Discover more from The Tactical Notebook
The Peacetime BEF 1914-1918
The British Expeditionary Force (BEF) of 1914 was a rare bird in the world of military establishments: a mature organization equipped with relatively new weapons. Thus, had it not gone to war in August of that year, it would have undergone few changes to either its order of battle or its armament. That said, the First World War broke out at a time when various agencies within the War Office had begun to contemplate a number of interesting reforms. This little essay explores the effect of these reforms upon the structure of the infantry divisions of the BEF in a world in which the Great War failed to take place.
The oldest artillery piece serving with the BEF in 1914 was the 18-pounder field gun. Introduced in 1904, it had been designed by veterans of the recent war in South Africa for service in conditions comparable to the ones that they had experienced. It thus possessed the virtue of being able to fire a shell heavier than that of any other weapon of its class out to distances beyond the reach of any other light field gun of the day. At the same time, it suffered from a recoil system that rarely returned the barrel of the piece to its original point of aim. (To make matters worse, the springs in this spring-based system required frequent replacement, either because they broke or because they lost their tension.)
For these reasons, the Ordnance had begun working on a replacement for the 18-pounder. This would be a lighter piece, with a caliber of 3-inches (7.62mm), a lighter shell, a higher muzzle velocity, and a split trail. (In addition to increasing the range of the piece, a split trail would allow the engagement of low-flying airplanes.)
As the new 3-inch gun was to be a one-for-one replacement for the 18-pounder, its introduction would do nothing to change the structure of the field artillery of the BEF. Each infantry division would thus continue to possess three field gun brigades, each of 18 light field guns, and a howitzer brigade, with 18 field howitzers. (Factory fresh in 1914, the 4.5-inch field howitzer would not need replacement for quite a few years.)
Under the leadership of Sir Stanley B. Von Donop, the Ordnance was also working on a 6-inch heavy field howitzer suitable for service with an infantry division. If Sir Stanley succeeded in this endeavor, a two-battery heavy brigade armed with such weapons might displace the battery of 60-pounder heavy guns that served as the only heavy artillery unit of the infantry division in 1914. (The latter weapon would, in all likelihood, be transferred to the siege train, where its long range would be appreciated and its heavy weight would be less of a handicap.)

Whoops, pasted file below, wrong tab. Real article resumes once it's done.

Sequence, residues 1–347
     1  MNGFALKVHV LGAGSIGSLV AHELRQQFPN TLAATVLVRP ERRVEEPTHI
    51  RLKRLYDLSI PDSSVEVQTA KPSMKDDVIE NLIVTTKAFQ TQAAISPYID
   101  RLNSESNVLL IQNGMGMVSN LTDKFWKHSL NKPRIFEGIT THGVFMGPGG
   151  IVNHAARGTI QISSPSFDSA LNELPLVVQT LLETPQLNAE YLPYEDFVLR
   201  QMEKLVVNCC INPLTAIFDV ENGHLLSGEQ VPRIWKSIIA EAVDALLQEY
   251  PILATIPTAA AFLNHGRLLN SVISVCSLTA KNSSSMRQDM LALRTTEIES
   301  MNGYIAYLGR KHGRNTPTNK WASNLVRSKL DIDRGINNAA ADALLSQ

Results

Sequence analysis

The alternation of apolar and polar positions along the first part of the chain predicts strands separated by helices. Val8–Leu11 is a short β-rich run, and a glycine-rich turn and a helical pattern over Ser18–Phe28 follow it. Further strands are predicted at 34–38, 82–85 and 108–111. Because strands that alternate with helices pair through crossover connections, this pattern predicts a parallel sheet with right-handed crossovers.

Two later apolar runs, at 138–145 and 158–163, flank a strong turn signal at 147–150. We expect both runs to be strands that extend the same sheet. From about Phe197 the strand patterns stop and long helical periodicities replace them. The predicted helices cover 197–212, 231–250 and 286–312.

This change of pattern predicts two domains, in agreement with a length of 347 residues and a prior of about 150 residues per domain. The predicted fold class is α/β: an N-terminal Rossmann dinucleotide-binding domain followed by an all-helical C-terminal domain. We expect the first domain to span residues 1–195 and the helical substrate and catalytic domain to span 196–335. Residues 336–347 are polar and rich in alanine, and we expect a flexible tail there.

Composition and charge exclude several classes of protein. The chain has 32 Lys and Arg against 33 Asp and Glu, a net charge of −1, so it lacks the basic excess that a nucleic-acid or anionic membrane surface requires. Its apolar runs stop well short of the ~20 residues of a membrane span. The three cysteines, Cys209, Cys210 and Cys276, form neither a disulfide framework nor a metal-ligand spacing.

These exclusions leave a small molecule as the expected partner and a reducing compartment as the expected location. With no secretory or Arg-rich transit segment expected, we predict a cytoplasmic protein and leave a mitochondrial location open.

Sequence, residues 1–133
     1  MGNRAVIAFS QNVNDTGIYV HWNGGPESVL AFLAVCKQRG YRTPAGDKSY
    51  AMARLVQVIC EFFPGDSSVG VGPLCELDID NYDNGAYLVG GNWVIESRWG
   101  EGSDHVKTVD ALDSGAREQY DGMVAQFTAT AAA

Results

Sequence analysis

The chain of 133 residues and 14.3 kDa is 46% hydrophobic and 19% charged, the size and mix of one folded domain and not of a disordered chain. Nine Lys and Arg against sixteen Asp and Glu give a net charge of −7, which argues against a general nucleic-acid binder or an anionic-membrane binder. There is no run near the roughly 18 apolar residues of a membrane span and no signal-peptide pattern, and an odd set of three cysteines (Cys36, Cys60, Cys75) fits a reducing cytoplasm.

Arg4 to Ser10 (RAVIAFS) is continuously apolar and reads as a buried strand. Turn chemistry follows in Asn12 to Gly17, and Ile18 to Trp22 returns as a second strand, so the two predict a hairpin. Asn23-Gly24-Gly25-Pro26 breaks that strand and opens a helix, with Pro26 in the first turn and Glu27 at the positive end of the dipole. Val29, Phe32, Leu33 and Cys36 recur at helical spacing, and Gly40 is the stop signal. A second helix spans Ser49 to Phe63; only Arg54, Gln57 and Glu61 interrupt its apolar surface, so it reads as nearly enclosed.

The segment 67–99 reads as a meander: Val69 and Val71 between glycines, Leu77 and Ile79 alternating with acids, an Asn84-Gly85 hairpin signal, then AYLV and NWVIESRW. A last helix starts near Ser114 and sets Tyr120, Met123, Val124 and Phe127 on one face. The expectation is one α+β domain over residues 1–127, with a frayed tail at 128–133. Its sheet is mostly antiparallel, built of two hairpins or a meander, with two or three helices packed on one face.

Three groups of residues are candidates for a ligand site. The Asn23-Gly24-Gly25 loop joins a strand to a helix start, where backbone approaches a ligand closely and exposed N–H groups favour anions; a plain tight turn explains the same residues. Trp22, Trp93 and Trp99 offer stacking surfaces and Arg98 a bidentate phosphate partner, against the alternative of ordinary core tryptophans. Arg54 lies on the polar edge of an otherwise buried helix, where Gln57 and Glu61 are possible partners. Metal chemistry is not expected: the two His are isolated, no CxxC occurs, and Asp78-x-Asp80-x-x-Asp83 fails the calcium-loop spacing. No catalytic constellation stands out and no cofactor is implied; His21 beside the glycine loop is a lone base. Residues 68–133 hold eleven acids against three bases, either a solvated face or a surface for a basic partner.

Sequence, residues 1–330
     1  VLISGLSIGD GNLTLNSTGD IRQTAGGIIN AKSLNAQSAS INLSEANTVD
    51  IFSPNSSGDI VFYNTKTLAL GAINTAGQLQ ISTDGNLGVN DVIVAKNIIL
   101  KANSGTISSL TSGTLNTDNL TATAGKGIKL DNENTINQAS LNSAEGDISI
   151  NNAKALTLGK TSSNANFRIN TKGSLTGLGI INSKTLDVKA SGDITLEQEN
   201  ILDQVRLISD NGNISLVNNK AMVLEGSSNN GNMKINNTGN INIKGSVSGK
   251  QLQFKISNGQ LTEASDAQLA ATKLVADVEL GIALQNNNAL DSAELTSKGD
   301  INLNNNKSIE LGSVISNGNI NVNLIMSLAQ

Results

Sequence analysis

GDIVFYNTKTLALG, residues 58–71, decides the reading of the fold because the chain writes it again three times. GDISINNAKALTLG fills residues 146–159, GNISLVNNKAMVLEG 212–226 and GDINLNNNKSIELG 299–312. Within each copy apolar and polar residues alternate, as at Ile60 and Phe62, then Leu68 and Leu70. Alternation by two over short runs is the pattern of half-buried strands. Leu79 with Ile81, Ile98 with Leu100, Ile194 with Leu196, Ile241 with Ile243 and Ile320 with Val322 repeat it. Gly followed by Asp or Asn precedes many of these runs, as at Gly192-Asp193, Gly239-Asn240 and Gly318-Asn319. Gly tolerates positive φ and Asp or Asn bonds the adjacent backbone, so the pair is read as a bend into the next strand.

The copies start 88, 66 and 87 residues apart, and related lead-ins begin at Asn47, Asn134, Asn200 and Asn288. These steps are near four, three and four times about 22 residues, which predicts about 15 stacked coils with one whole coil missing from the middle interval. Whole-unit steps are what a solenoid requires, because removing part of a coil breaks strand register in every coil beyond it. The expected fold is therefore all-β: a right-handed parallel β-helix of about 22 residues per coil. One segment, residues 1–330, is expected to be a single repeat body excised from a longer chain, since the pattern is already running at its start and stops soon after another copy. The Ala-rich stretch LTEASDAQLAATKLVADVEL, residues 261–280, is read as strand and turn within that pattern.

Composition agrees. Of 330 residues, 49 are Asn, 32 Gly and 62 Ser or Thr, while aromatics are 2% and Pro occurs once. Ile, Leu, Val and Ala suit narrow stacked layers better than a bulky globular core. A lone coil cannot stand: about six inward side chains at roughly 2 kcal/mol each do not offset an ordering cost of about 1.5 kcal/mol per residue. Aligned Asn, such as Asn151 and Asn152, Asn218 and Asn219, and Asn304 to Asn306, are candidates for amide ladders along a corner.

If adopted, the new 6-inch heavy field howitzers would be the first artillery pieces in the BEF to be provided with automobile tractors of one sort or another. (Somewhat paradoxically, the next artillery piece to be motorized would probably be the 13-pounder light field piece of the horse artillery brigades of the cavalry division. Thus, by 1918 or so, the heaviest and the lightest artillery pieces in the BEF would be motorized while the pieces of middling weight would continue to depend upon horses.)
The only other structural change on the horizon in 1914 was the provision of a third engineer field company to each infantry division of the BEF. This reform, which would allow the assignment of such a company to each infantry brigade, would be made possible by the recruitment of “pioneers.” (These would be young men who were allowed to enlist in the Royal Engineers before they passed the “trade test” traditionally required for enlistment as a sapper.)
Thanks for reading The Tactical Notebook! Subscribe for free to receive new posts and support my work.